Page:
Jim Thorpe’s family wanted to bring the “World’s Greatest Athlete” Home
Published October 6, 2015
WASHINGTON—A five-year attempt by the sons of legendary Olympic Gold Medal Jim Thorpe to have their father’s remains returned to tribal lands in Oklahoma ended yesterday when the U.S. Supreme Court denied their motion for a hearing.
In June William and Richard Thorpe, with the Sac and Fox Nation of Oklahoma, submitted a motion to the high court to hear their appeal have Thorpe’s body moved to Oklahoma from Jim Thorpe, Pennsylvania.
The brothers, along with their brother, Jack Thorpe, now deceased, brought a suit in 2010 to gain control of where their father should be buried. They maintained their father’s body was taken to Pennsylvania against their wishes when Jim Thorpe died in 1953 by Thorpe’s third wife, Patricia, a non-Native woman, who auctioned Thorpe’s body to the highest bidder. A small borough in Pennsylvania now named for Thorpe won the bid.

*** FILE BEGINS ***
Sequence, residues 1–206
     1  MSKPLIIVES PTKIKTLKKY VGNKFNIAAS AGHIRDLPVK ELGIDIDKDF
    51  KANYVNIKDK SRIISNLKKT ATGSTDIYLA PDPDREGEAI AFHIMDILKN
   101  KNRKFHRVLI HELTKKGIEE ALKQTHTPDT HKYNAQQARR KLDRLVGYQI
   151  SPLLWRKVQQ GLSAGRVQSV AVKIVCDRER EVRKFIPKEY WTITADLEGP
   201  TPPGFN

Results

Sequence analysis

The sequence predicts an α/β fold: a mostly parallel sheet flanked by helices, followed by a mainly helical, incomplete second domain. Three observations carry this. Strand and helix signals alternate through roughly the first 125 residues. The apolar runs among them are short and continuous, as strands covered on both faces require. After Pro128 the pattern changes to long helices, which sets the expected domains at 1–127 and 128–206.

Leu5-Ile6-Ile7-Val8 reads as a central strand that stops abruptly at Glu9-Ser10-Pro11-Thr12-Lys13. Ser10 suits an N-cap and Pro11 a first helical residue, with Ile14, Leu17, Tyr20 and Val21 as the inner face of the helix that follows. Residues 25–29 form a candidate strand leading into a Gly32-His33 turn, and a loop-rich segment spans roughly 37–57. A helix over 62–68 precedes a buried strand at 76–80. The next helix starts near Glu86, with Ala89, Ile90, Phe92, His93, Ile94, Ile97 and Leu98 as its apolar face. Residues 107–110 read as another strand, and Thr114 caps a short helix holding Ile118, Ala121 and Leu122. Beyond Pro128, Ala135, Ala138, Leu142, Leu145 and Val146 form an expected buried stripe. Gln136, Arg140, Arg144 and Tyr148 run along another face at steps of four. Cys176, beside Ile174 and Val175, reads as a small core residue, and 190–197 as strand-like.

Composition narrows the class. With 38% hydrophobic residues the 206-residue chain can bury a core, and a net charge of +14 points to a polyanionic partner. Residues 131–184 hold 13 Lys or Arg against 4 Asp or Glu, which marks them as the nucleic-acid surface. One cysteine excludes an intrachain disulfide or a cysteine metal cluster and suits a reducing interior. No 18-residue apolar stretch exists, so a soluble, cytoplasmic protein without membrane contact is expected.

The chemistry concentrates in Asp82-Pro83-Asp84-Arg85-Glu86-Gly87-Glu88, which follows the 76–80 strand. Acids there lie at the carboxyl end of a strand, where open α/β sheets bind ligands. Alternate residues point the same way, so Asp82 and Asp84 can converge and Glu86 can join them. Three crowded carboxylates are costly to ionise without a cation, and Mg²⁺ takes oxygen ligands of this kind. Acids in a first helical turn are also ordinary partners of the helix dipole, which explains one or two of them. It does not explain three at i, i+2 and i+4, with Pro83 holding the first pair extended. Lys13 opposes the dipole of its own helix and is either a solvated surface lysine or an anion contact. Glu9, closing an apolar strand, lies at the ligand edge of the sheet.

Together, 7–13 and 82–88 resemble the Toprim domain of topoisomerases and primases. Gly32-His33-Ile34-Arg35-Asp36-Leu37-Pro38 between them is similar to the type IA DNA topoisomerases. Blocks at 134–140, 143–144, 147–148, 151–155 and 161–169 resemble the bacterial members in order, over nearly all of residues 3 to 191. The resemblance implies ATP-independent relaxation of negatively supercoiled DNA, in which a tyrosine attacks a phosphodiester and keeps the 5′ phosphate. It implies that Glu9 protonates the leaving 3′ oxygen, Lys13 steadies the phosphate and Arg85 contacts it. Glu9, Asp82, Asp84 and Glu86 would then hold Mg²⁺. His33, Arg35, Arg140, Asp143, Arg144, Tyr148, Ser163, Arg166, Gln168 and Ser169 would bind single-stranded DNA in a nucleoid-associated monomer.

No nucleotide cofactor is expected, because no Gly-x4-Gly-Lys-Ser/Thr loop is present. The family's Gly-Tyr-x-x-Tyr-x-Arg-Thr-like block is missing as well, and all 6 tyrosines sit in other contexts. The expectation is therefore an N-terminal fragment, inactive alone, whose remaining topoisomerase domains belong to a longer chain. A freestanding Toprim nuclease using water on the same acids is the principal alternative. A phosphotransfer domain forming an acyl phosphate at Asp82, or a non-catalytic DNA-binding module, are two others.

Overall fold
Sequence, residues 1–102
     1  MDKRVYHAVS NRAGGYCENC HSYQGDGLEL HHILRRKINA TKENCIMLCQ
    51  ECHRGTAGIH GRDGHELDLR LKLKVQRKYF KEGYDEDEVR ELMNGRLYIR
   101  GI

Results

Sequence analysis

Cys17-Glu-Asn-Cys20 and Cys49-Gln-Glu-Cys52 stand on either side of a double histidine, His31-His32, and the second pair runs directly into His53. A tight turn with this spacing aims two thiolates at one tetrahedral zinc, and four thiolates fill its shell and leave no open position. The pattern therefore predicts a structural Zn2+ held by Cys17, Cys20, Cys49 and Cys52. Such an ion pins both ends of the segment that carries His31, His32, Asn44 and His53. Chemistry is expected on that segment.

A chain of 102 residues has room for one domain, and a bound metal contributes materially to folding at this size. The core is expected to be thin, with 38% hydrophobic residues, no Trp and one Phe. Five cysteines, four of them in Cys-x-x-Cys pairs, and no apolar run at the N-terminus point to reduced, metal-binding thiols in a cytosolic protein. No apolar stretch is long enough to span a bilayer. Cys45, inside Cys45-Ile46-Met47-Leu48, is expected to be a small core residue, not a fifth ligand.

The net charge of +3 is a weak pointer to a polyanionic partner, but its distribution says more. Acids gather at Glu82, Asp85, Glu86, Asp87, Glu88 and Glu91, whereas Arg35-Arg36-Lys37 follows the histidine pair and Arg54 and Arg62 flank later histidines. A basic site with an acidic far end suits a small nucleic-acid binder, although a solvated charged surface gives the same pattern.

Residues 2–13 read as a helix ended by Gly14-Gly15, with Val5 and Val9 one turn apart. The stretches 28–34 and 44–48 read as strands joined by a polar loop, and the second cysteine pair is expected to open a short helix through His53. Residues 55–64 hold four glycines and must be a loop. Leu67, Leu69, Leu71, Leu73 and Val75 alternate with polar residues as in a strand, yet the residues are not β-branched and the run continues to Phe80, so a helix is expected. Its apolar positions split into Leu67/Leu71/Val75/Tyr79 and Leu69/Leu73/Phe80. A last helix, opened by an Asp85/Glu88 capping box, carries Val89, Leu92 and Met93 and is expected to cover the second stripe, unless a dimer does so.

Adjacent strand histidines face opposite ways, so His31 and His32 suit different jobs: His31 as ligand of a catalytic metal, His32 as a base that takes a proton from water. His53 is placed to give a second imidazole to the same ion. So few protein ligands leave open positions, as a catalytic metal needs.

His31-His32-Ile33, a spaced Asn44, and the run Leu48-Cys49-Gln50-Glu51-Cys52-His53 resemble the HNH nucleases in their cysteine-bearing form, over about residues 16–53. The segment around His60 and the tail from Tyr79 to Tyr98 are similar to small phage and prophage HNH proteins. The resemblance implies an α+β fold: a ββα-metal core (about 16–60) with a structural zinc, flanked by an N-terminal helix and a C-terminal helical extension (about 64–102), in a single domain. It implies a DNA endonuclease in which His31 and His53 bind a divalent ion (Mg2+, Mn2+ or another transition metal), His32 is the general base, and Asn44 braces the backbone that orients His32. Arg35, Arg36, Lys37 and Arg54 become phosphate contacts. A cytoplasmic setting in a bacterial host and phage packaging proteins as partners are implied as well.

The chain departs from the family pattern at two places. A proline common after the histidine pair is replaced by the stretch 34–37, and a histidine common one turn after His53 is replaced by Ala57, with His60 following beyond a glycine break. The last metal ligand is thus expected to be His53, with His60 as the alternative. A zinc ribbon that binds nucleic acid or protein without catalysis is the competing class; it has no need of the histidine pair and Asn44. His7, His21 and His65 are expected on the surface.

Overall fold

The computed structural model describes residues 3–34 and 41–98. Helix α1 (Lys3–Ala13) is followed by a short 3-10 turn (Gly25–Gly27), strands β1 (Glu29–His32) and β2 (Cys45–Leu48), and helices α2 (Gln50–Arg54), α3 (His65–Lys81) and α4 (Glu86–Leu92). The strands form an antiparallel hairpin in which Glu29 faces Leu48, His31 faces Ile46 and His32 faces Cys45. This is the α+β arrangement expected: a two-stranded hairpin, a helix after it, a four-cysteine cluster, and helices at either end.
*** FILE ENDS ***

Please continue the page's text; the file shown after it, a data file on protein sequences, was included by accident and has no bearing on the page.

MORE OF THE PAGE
The small borough in Pennsylvania was a struggling coal town in 1953 and bid on the body as a means to draw tourists to their town.
Thorpe never visited Jim Thorpe, Pennsylvania, now named in his honor.
In 2013 the sons and Tribe won the 2010 lawsuit, but lost in a U.S. Court of Appeals last year.
The motion filed in June sought to have the Supreme Court hear an appeal based on a violation of the Native American Graves Protection and Repatriation Act (NAGPRA) that protects the remains of American Indians. The Court denied the motion.